In Dallas debut, Owens lets actions do talking

Wide receiver diplomatic in defeat

'Skins' Rumph could draw coverage task

Ravens & Nfl

September 14, 2006|By Don Markus | Don Markus,Sun reporter

There were no wild post-catch celebrations or post-game histrionics, no finger-pointing at opponents after making them look bad or at his teammates for not making him look great.

At least for one week, his first official game with the Dallas Cowboys, T.O. simply stood for Terrell Owens and not Totally Outrageous or Terribly Obnoxious or, perhaps, Ticking (Everybody) Off.

Owens caught six passes for 80 yards and a touchdown in a 24-17 loss at Jacksonville on Sunday, had two other receptions for 31 yards called back because of penalties and would have had a few more if Cowboys quarterback Drew Bledsoe found Owens when he was wide-open.

Not bad for a player who was suspended for the second half of last season in Philadelphia, missed minicamp in Dallas after signing a three-year, $25 million contract, then sat out 21 days of training camp and played only 19 snaps in the preseason due to a lingering hamstring strain. Many, including his own coach, thought at the time that Owens was malingering.

"For him to come in without having a whole lot of time and be as effective as he was says a lot about him and how, even though he was hurt, he was paying a lot of attention to what was going on and learning the offense while he was out of practice," Bledsoe said during a teleconference yesterday.

Said Cowboys coach Bill Parcells, who reportedly wasn't thrilled when team owner Jerry Jones signed Owens: "I really didn't know what to expect. He practiced well for two weeks and he looked like he was pretty well ready to go, and he was ready to go."

As the Cowboys get ready to host the Washington Redskins Sunday night in a nationally televised game at Texas Stadium, Owens is doing things a little differently than he did last year in Philadelphia, where a falling out with quarterback Donovan McNabb and coach Andy Reid led to his suspension and ultimately to his departure from the Eagles after two tumultuous seasons.

Bledsoe said he didn't think Owens' training camp shenanigans -- including riding an exercise bike dressed as if he were taking on the Alps in the Tour de France -- caused any distractions for the Cowboys as they prepared for the 2006 season.

"It probably seems like more of a distraction from the outside than it does from the inside," Bledsoe said. "We see this guy around the locker room that's laughing and joking and working hard at practice once he got healthy. The public perception is much different. He's a guy that's got an infectious personality and tries to bring people up along with him."

At least for now, Owens seems to be trying to not cause any rifts with his quarterback, which happened not only with McNabb but with a number of his teammates in San Francisco, most notably Jeff Garcia.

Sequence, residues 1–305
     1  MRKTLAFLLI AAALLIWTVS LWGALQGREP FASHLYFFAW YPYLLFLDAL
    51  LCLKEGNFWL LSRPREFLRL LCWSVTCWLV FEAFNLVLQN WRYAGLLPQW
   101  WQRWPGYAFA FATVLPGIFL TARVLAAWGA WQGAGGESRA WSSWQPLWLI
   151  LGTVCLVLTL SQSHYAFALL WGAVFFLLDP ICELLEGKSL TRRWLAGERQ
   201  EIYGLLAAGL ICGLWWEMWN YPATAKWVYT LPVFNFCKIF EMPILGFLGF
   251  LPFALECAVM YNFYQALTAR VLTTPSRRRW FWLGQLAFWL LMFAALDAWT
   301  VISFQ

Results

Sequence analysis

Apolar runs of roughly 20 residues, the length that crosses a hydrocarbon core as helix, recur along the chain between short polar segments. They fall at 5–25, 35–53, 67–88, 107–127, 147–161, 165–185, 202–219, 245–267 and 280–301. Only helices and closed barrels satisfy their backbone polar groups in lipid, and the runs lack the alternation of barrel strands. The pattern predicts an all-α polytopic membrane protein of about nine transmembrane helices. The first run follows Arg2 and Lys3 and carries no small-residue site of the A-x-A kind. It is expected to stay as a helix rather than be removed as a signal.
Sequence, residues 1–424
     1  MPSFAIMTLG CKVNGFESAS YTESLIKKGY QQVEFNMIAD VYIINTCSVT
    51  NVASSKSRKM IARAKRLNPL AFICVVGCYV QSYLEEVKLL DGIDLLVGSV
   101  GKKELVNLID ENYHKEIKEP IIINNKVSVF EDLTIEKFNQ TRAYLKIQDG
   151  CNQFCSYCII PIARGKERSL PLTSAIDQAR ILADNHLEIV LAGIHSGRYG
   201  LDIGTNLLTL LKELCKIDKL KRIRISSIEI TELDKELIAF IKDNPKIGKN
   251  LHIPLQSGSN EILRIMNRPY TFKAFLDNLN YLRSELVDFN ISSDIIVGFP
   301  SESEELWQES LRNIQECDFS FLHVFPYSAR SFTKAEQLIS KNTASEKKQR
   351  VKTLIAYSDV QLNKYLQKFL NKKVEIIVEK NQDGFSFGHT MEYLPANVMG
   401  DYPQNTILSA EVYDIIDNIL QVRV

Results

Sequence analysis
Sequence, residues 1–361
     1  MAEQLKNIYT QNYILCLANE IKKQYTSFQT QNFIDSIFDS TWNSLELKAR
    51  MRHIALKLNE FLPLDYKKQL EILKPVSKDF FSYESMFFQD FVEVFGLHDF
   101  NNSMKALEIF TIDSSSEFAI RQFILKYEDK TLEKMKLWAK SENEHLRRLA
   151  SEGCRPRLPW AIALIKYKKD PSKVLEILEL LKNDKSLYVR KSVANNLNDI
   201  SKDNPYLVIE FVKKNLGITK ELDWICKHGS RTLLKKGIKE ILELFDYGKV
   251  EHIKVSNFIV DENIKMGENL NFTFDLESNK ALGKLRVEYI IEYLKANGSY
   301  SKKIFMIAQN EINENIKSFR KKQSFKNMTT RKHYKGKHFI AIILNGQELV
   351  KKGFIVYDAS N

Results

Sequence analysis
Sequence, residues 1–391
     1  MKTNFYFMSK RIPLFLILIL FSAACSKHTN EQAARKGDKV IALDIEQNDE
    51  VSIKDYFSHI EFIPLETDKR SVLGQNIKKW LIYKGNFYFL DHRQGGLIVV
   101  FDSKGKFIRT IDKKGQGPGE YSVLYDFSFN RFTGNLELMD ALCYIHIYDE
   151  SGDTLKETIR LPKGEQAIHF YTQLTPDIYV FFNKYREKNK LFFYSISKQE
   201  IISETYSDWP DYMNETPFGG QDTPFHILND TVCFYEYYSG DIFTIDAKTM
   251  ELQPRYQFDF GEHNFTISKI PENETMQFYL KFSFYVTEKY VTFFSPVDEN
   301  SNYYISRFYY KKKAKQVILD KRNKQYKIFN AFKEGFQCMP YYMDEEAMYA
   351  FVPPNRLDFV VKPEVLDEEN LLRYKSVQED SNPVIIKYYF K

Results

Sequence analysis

Asked about the passes that didn't reach him Sunday, Owens was uncharacteristically diplomatic.

"That's the nature of the game," he said afterward. `There are going to be missed opportunities. It's obviously something that we're going to work on. It's a team effort but by no means are we going to hang our heads."

The NFL's most cartoonish character admits to having multiple personalities.

"In the locker room I'm just Terrell," he said recently. "On the field, I'm T.O."

What Owens is demonstrating now for the Cowboys is something former San Francisco teammates -- among them current Redskins Brandon Lloyd and Mike Rumph -- got to see at times during his eight years there. They, along with Redskins defensive end Andre Carter, who played for the 49ers for five years, got to know a different side of Owens that most fans -- and opponents -- are unable to witness.

"I think the most important thing aside from all the antics was probably his work ethic," Lloyd, who was a rookie when he and Owens played together in 2003, recalled before practice yesterday at Redskins Park. Said Rumph, who played with Owens in 2002 and 2003, "You definitely have to bring your lunch box when you go against T.O."

Rumph, who came to the Redskins from San Francisco in a trade for wide receiver Taylor Jacobs last month, could find himself playing against Owens if starting cornerback Shawn Springs (torn abdominal muscle), as expected, still isn't ready to return. He missed Monday's season-opening, 19-16 loss to the Minnesota Vikings.

"He [Owens] looks like he's fit in pretty good," Rumph said. "They kept it pretty basic [against the Jaguars], but I'm sure they have something more for us now that him and the quarterback have had more time to get some more stuff done."

The presence of Owens, who has been selected to the Pro Bowl five times, should help not only the erratic Bledsoe but the rest of an offense that features tailback Julius Jones and wide receiver Terry Glenn.

"He forces a defense to respect him wherever he is on the field," Bledsoe said of Owens. "If they leave him singled [coverage] that's going to be a win for us regardless of who we're playing. They have to commit mostly two guys to playing him, and when that happens, that certainly works in our favor."

NOTES -- The Redskins signed safety Curry Burns, a former member of the team's practice squad, after losing safety Pierson Prioleau for the season with a knee injury. ... Running back Clinton Portis, who carried 10 times for 39 yards and a touchdown against the Vikings after missing all but one series of the preseason with a partially dislocated left shoulder, took part in limited drills yesterday but should be ready to play against the Cowboys.

don.markus@baltsun.com

Baltimore Sun Articles
|
|
|
Please note the green-lined linked article text has been applied commercially without any involvement from our newsroom editors, reporters or any other editorial staff.